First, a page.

Uncovering primary and secondary disease processes in spinal cord disorders
We focus on non-invasive neuroimaging of structural and functional changes in neurological disorders affecting the spinal cord by applying cutting-edge imaging techniques. We are situated in Zürich where we are proud to have created a creative, collaborative and open-minded Neuroscience Lab. Our team has scientific experts working on all areas from the initial acquisition of the data at the MRI scanner to the final data analysis.
Embodied neurology is an integrative framework based on explicit biophysical models that aims to characterize complex neurological disorders and minimize their impact on patients by considering functional interactions between hierarchically related supra-spinal, spinal and peripheral regions simultaneously.
From a systems biology perspective, the brain and spinal cord are interwoven with the body: they are ‘embodied’. Freund et al. propose an integrative framework based on biophysical models that aims to characterize neurological disorders and minimize their impact on patients by considering functional interactions between supra-spinal, spinal and peripheral regions simultaneously.
Our Current Focus
Spinal cord and brain at 7T using qMRI
This project aims to assess the reproducibility of ultra-high field qMRI and resting-state fMRI of the cervical spinal cord and brain at 7T scanner in a multi-center study, with Zurich as coordinating center.
Simultaneous brain and spinal cord qMRI to assess focal and remote neurodegeneration after SCI
This project aims to enable the simultaneous analysis of brain and spinal cord MRI data in order to understand the focal and remote neurodegeneration induced by a SCI.
Antibodies against Nogo-A to enhance regeneration and functional recovery after acute spinal cord injury, a multicenter European clinical proof of concept trial
This project aims to apply a novel qMRI protocol covering brain and cervical cord down to C4 level as a sub-study within the clinical trial NISCI (www.nisci-2020.eu) to identify iron and myelin-changes in the spinal cord and brain and correlate them to the level of deficit and functional improvement of the patients in the two treatment groups (ATI355 vs. placebo).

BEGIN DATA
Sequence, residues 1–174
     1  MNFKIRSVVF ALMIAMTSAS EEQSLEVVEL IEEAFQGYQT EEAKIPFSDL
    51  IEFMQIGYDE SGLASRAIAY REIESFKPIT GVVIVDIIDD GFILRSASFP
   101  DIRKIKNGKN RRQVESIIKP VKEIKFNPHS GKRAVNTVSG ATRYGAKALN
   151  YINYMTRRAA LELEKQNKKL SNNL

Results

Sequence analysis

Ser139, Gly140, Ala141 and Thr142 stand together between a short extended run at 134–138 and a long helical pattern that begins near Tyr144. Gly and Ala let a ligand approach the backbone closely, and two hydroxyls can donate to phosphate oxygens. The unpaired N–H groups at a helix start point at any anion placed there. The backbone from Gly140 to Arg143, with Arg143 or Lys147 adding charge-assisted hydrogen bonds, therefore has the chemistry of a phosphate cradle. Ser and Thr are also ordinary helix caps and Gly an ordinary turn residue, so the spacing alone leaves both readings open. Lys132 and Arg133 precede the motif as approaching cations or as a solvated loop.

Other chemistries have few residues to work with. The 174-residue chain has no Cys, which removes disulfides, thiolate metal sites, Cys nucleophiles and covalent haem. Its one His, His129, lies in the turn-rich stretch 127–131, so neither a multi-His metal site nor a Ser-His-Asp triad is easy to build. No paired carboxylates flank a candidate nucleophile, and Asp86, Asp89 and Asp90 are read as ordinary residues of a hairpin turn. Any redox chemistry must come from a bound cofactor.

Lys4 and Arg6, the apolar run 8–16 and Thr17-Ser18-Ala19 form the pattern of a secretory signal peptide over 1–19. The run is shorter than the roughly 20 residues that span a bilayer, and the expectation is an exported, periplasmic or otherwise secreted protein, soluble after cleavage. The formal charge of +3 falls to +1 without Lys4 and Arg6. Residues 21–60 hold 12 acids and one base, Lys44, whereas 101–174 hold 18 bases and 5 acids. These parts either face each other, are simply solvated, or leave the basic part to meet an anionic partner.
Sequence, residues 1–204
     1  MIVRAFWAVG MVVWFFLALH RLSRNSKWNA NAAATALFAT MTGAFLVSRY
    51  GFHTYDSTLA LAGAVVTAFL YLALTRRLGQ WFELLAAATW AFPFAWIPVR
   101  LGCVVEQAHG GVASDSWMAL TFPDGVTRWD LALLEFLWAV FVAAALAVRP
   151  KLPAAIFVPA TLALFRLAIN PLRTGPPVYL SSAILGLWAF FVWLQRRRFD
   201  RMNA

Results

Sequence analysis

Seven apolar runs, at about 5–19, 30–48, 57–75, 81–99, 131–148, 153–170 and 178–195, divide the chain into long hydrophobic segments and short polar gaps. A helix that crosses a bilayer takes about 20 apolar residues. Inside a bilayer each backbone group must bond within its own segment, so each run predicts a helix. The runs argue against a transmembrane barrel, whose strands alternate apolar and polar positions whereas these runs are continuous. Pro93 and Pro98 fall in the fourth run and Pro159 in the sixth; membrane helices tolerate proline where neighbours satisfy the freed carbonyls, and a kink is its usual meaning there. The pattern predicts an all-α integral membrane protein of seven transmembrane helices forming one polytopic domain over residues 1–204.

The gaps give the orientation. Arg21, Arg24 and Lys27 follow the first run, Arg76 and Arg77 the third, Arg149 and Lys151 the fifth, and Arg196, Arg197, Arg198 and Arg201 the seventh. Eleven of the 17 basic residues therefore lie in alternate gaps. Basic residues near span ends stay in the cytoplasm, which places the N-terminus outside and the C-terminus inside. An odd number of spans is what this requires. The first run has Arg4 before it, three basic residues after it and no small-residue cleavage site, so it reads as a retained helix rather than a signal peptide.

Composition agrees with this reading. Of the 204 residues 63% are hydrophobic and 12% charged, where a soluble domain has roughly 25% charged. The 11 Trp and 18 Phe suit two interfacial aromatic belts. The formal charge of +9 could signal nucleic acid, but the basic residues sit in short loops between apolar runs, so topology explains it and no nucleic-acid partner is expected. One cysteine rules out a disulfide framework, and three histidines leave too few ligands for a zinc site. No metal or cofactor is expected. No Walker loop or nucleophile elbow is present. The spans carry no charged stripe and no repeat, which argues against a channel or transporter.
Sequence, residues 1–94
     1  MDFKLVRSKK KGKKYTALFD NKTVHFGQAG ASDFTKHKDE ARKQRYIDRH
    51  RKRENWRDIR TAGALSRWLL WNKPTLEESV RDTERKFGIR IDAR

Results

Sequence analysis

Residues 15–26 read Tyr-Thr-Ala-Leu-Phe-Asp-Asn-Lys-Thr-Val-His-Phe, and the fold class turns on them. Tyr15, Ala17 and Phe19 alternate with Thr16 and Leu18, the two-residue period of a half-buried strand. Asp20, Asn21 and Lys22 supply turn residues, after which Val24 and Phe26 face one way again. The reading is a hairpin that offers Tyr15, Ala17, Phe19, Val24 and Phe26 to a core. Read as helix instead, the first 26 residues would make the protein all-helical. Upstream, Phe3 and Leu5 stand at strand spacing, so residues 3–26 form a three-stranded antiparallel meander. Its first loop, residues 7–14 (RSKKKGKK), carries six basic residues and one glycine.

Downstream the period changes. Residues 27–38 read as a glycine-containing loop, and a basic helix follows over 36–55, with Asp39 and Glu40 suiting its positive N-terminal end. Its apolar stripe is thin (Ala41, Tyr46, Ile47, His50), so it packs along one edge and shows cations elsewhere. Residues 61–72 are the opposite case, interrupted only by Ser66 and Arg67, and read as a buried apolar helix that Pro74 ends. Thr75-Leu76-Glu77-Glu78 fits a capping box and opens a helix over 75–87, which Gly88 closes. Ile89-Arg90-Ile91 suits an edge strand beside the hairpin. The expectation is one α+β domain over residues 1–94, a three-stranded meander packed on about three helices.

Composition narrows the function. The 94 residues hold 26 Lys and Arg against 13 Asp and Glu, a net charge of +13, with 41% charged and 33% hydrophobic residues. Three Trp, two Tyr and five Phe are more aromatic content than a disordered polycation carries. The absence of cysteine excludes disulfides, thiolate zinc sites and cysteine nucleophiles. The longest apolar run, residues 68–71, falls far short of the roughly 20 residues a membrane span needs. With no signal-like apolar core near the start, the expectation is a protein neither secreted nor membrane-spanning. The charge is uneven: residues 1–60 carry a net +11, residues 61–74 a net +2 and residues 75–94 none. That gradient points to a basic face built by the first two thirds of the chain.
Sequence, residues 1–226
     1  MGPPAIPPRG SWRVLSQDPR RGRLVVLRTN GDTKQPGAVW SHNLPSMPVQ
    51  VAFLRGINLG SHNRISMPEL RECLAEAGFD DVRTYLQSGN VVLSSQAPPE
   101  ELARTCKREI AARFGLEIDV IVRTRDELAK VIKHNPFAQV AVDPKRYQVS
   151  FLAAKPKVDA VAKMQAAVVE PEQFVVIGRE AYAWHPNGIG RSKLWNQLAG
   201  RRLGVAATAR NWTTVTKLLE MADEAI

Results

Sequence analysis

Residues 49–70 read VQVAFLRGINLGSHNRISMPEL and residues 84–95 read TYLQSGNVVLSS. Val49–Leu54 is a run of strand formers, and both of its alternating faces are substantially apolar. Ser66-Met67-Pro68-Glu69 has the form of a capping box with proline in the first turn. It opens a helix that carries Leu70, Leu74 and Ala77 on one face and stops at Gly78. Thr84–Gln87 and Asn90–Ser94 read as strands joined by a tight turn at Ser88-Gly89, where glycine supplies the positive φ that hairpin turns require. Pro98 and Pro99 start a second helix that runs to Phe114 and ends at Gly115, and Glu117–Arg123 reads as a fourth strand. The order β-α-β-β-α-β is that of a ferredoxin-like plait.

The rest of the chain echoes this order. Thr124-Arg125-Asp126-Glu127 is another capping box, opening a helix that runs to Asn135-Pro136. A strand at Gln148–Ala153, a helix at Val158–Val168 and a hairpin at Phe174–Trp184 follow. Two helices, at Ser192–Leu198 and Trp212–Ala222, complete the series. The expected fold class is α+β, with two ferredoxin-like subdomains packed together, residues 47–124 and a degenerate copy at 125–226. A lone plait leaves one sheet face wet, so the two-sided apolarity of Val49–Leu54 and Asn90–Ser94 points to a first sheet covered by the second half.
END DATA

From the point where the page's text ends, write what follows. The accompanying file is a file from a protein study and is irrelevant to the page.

Metabolic changes in the CNS after SCI or DCM using MRS
In this project, we investigate the metabolic changes above and below the level of injury and in distinctive brain regions of spinal cord injury (SCI) and degenerative cervical myelopathy (DCM) patients.
The impact of spinal cord perfusion deficits and hypoxia on recovery in human SCI
This project aims to apply quantitative MRI (qMRI) techniques, such as intra voxel incoherent motion (IVIM) MRI (estimates blood perfusion in tissue) and quantitative BOLD (qBOLD) (estimates change of (de-) oxyhaemoglobin molecules) allow quantifying in-vivo hemodynamics in the injured spinal cord.
Tracking sensorimotor impairment after focal CNS lesions
In this project, we explore changes in sensory and motor information flow and processing between the brain and cervical spinal cord in different central nervous system (CNS) pathologies.
Brain (re)organisation following major sensory input loss
This project aims to assess how map-like brain representations may change and/or stay remarkably similar following spinal cord injury.
Tracking sensorimotor function in the lumbar cord after SCI
In this project, we aim to implement a lumbar fMRI technique to track sensorimotor function in the lumbosacral cord after spinal cord injury (SCI).
Imaging spinal cord injury and assessing its predictive value
This project aims to implement an advanced quantitative MRI (qMRI) protocol for the brain and spinal cord in traumatic SCI and DCM patients at three international sites (Balgrist University Hospital, Zurich Switzerland, Toronto Western Hospital, Canada; Central MRI center Institute of Neurology, UCL London, UK) on 3 Tesla MRI scanners based on two different vendors.
The prospective ProCSM study follows patients with degenerative cervical myelopathy (DCM) by morphometric and phase contrast MRI to assess the impact of spinal cord movement as biomarker in DCM. Patients are followed by a standardized clinical (AIS, mJOA, Nurick Score SCIM) and neurophysiological (dermatomal SEPs, contact heat evoked potentials, CHEPs) protocol for 5 years
Myelination, a proxy for motor skill learning?
In this project, we apply novel microstructural MRI methods at 3T to describe, in unprecedented temporal and spatial detail, the effect of motor learning on the human brain at the tissue level in vivo.
Spinal Cord Injury Center Balgrist
University of Zürich